Captive dolphins at Ocean Park have no educational value
I refer to the report, "Activists step up call to free the dolphins" (June 28).
Ocean Park argues that "dolphins fare no better in the wild than they do in tanks" ("Views differ on meaning of 'animal welfare'", June 28) and compares the living conditions of its captive bottlenose dolphins to the pressures the Chinese white dolphin faces in Hong Kong waters. In the wild, bottlenose dolphins inhabit the vast Indian and Pacific tropical and subtropical waters, far from the threats Chinese white dolphins face locally.
Whether captured from the wild or bred in captivity, it is not a discussion about the best care standards the dolphins receive.
If they cannot swim hundreds of kilometres, hunt for their own live food or swim in their own social groups, no "best care" standard gives them this freedom. The social environment of captive marine mammals is severely limited. No captive facility can adequately simulate the vast ocean or provide for their complex behavioural needs.
Ocean Park misleads the public by having marine mammals in captivity for human entertainment, education and conservation.
Indo-Pacific bottlenose dolphins are not endangered, they don't need to be held captive or bred in captivity for conservation purposes. They certainly aren't educating the public as people do not receive an accurate picture of a species, especially a cetacean, from captive representatives. In reality, they teach people that the capture and exploitation of these intelligent and complex creatures is acceptable. They send a message that nature is ours to exploit, for a reason as frivolous as entertainment.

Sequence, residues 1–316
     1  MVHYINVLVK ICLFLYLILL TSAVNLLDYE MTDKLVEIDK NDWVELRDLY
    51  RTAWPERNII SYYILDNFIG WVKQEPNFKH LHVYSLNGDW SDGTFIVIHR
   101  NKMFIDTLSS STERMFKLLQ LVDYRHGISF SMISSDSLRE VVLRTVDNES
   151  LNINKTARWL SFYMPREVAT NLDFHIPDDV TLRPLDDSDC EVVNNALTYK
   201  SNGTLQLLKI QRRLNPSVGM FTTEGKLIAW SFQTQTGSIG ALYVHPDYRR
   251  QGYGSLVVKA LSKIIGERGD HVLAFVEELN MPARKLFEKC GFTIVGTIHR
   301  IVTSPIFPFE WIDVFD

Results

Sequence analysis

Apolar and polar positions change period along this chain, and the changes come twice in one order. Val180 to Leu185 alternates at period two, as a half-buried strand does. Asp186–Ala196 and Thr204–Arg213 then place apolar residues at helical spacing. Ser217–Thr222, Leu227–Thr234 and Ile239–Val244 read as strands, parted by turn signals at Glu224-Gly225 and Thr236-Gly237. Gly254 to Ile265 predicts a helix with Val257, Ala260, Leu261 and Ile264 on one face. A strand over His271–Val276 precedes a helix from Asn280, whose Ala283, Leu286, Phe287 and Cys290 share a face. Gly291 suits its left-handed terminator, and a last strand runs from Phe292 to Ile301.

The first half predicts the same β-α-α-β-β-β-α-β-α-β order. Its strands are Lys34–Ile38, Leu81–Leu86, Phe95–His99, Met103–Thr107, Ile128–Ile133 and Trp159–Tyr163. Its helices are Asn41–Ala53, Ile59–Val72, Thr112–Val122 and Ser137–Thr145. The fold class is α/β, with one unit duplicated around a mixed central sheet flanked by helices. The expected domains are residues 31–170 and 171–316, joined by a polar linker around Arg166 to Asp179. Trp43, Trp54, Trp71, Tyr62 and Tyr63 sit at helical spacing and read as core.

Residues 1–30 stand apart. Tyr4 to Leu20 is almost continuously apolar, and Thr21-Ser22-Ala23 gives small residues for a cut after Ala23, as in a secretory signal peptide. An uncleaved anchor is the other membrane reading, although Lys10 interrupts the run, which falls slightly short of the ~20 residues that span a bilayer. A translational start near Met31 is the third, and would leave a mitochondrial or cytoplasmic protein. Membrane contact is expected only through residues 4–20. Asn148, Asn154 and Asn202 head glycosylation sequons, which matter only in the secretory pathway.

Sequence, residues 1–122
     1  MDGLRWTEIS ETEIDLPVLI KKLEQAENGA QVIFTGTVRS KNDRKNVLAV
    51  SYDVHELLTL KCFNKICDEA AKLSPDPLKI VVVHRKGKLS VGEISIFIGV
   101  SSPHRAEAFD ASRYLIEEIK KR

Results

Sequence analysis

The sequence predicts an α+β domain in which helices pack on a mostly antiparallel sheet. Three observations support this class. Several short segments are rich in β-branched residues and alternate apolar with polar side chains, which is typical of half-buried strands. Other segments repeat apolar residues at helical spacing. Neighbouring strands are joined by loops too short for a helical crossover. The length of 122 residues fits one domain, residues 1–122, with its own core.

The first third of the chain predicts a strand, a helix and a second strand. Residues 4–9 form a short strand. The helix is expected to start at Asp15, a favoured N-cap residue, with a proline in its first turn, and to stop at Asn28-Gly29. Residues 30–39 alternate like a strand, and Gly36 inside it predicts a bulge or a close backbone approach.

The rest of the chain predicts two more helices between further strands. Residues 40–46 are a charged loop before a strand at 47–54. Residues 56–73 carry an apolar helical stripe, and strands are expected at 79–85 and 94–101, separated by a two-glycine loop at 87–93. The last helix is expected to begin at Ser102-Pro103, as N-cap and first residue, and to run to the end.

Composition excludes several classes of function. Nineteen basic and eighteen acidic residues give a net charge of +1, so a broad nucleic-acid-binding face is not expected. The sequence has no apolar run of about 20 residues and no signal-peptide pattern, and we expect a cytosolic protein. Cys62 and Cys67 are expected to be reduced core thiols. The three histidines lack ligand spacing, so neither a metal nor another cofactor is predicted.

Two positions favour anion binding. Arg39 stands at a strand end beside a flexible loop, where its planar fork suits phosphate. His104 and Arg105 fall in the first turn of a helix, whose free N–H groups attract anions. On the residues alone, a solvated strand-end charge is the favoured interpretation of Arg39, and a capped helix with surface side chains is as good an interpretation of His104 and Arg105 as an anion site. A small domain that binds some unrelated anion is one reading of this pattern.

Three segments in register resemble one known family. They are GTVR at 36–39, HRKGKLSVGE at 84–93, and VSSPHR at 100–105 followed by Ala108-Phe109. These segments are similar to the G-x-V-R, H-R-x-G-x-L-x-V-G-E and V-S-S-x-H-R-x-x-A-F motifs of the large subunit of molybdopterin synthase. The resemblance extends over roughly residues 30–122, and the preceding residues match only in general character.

A global establishment like Ocean Park should understand what is real (in the wild) and what is not (in captivity), and should become a role model to other marine parks and phase out its breeding and capture of dolphins. Ocean Park needs to gain a high level of trust from residents to inspire and protect Hong Kong's coastlines and ocean ecosystems in the natural world, its remaining 61 Chinese white dolphins and the 84 species of corals, rather than call itself conservationist by having a captive breeding programme and holding dolphin entertainment shows.
There is tremendous global public support for having no dolphins in captivity at Ocean Park.
We need to look at ourselves and decide the time has come to view captivity of whales and dolphins as part of our history and not a tragic part of our future.
Estelle Davies, naturalist, Ocean Futures Society